Most titles on this site can be traced back through a chain of associations: Book A praises Book B, which references Book C, which speaks highly of Book D, and so on. But in the case of Doctor Syntax I can point squarely to a source: Lucy Worsley’s documentary on the Regency period.
The first Tour, published in 1812, definitely qualifies as “Regency”; the second, from 1820, was on the cusp; the third, from 1821, just missed it.
Is it The Tour of Doctor Syntax by William Combe, with illustrations by Thomas Rowlandson—or is it The Tour of Doctor Syntax by Thomas Rowlandson, with words by William Combe?
William Combe (1741–1823) got off to a good start: Eton, inheritance, travel, high living. But then things fell apart. By age 30 he was supporting himself as a writer.
In a pleasing reversal of ordinary practice, the Doctor Syntax books tend to have more illustrations towards the end. This may be because the pictures were done first. So instead of an artist getting tired of illustrating an author’s words, the writer got tired of making text to go with the artist’s pictures.
Thomas Rowlandson (1756–1827), is identified in Graves’s Royal Academy list as “Painter and Caricaturist”. He must have lost interest in serious painting fairly early, since his last exhibit was in 1787. The Encyclopædia Britannica says:
His series of drawings “The Schoolmaster’s Tour,” accompanied by verses of William Combe, was published in the new Poetical Magazine (1809–11)
This led to The Tour of Dr. Syntax—published in book form in 1812—and its sequels.
In the printed book, each picture includes the caption “Drawn & Etched by Rowlandson”. Since it is always the same, across all three volumes, I didn’t include it in the ebook:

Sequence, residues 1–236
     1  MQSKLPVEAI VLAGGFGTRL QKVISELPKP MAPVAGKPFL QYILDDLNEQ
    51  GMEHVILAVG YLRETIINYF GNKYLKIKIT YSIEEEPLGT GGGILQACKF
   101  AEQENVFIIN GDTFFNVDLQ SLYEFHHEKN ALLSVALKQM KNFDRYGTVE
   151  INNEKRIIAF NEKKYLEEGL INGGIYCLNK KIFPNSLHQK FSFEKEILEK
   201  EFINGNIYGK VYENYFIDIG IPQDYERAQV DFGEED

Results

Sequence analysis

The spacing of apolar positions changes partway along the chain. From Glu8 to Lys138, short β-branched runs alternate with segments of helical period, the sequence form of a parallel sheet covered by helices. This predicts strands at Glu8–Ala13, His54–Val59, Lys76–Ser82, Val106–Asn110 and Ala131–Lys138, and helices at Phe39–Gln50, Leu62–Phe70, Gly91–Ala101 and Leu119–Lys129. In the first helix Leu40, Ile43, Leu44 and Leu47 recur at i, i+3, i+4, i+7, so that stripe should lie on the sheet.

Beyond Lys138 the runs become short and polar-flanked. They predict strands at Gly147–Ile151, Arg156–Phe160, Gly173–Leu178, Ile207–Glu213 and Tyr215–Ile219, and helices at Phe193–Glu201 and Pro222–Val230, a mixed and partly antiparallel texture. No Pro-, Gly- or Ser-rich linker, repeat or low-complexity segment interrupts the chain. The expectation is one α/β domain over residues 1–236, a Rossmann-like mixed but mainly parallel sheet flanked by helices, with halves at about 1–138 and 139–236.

The Tours of Doctor Syntax—all three of them—have one wonderfully old-fashioned feature that I’ve tried to replicate, at least for larger devices: whenever a rhyme is shared by three lines instead of the usual couplet, they are marked with a vertical brace } along the end of the lines. You don’t often see this in books later than the mid-18th century.
Scansion and Rhyme: The word “real” is two syllables. Conversely, “Heaven” is generally pronounced “heav’n”, whether or not it is spelled that way; the author especially likes to rhyme it with “given”, which could similarly go either way. The word “join” seems to be pronounced “jine” more often than not, judging by the words it rhymes with. Sometimes “you” needs to be pronounced “ye”: for example, “before you” rhymes with “story”.
Typographic trivia: I can count on my fingers—possibly even on my thumbs—the books that have used Italic Small Capitals. In general, when the Small Caps come in, the Italics go out. This book is the rare exception.
For reasons best known to the author, citations from Horace’s Ars Poetica are consistently identified as “Horat. Ars. Poet.” with wholly spurious full stop in the middle.
And, finally: In Volume II, Consolation, the OCR had an annoying habit of rendering printed apostrophes as the elided letter they represent. Final ’d might be read as -ed, mem’ry as memory, e’en as even and so on. I’ve restored all that I caught, but probably missed a few. (Compare what is billed as the world’s oldest known riddle: “We carried away all that we did not catch, and all that we caught, we left behind”. The answer is lice, but it could just as well be applied to OCR errors.)
This ebook is based on the three-volume 1903 Methuen edition. A Note at the beginning of each volume identifies its source: First Tour, R. Ackerman 1817 (7th edition); Second Tour 1820; Third Tour 1821.
Illustrations have generally been moved to the nearest stanza break. Where a stanza was unusually long—especially in the later volumes—I’ve interrupted it with a picture at some convenient breaking point.
Typographical errors are marked with and are listed again at the end of each chapter. The word “invisible” means that the letter or punctuation mark is missing, but there is an appropriately sized blank space.